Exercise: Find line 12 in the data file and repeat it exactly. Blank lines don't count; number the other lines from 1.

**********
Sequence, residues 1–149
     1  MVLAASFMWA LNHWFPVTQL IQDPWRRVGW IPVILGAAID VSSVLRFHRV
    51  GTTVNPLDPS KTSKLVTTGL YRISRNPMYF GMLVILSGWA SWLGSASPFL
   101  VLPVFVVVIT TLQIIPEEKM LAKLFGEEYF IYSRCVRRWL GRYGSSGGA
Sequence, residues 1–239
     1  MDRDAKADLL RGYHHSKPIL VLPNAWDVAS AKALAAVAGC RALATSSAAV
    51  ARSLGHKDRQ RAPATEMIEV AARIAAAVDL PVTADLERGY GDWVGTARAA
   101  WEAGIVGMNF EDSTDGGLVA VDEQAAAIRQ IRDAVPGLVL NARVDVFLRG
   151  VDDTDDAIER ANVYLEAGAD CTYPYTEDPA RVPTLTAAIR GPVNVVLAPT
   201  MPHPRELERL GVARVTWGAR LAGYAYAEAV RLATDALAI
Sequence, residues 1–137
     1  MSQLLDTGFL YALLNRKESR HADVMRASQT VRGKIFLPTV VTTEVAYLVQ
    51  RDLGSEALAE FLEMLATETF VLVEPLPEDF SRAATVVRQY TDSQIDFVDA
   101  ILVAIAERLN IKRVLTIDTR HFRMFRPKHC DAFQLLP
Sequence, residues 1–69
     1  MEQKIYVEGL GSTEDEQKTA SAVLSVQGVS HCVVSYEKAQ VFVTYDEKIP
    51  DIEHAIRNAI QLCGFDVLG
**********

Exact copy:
     1  MSQLLDTGFL YALLNRKESR HADVMRASQT VRGKIFLPTV VTTEVAYLVQ